 2004 reauthorized version of IDEA added
“further education”
 Provides a free and appropriate public education
(FAPE) “designed to meet their unique needs
and prepare them for further education,
employment, and independent living”
 Appropriate measurable postsecondary goals
must begin “not later than first IEP, to be in
effect when the child turns 16 and then be
updated annually thereafter”
 Postsecondary goals are “based upon ageappropriate transition assessments related to
training, education, employment and
independent living skills, where appropriate”
 Transition services need to assist the child in
reaching those goals, including courses of study
 Obtain Transition to Adult Living resource
guide (free) from CDE can be ordered or
downloaded from website:
www.calstat.org/info.html
Parent as Project Manager (revisited)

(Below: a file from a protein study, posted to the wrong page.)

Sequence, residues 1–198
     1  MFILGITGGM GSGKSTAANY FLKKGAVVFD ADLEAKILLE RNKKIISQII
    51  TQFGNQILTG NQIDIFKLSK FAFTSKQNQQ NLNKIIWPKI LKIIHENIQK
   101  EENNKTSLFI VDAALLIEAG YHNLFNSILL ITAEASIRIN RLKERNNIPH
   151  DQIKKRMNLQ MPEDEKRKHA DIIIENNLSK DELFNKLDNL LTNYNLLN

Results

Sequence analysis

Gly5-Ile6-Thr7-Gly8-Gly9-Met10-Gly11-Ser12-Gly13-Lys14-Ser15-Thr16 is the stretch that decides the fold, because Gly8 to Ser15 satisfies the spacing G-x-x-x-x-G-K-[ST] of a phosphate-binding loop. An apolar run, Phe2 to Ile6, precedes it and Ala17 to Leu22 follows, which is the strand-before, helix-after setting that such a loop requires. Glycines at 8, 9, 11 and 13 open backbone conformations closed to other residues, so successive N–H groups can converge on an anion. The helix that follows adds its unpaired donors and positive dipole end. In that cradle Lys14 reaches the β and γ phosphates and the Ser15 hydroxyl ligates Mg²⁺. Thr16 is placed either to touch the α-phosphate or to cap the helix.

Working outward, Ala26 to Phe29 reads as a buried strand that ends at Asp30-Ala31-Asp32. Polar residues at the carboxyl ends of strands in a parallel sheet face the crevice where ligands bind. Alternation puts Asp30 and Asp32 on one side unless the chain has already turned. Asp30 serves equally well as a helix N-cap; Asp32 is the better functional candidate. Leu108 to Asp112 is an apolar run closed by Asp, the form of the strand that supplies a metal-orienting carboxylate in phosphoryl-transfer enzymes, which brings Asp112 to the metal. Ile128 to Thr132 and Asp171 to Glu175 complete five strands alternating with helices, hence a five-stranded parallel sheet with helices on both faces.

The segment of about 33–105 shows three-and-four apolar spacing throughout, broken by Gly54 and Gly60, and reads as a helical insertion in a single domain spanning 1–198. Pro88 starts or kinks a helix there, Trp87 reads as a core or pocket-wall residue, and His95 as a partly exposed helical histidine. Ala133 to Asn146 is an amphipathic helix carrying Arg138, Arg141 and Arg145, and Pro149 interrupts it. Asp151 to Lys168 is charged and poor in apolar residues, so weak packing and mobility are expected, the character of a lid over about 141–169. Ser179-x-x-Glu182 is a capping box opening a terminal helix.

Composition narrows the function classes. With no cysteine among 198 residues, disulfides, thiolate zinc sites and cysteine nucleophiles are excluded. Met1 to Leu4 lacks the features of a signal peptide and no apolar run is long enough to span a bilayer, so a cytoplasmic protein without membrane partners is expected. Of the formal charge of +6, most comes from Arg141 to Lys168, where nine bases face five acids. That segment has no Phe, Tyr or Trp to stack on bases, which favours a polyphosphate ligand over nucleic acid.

 Goals to achieve successful self-advocacy need
to be tackled from different angles, some
examples:
 Ability to communicate appropriately whether
child is verbal or non-verbal, requires ongoing
assessments and goals with speech therapist
 While working on above identified goals, build
in flexibility to give child timely opportunities
to work through real-life issues as they arise
 Teach, practice and real-life experiences with
follow-up self-assessment using methods that
are compatible with child’s learning-style (makes
it meaningful, make it relevant) – both in school
and at home
 Involve child in decision-making about their
preferences, especially by middle and high
school
• Include them in the IEP and/or core team
meetings and reviews – start slowly and
incrementally build up over time, allow
them to appropriately express how they feel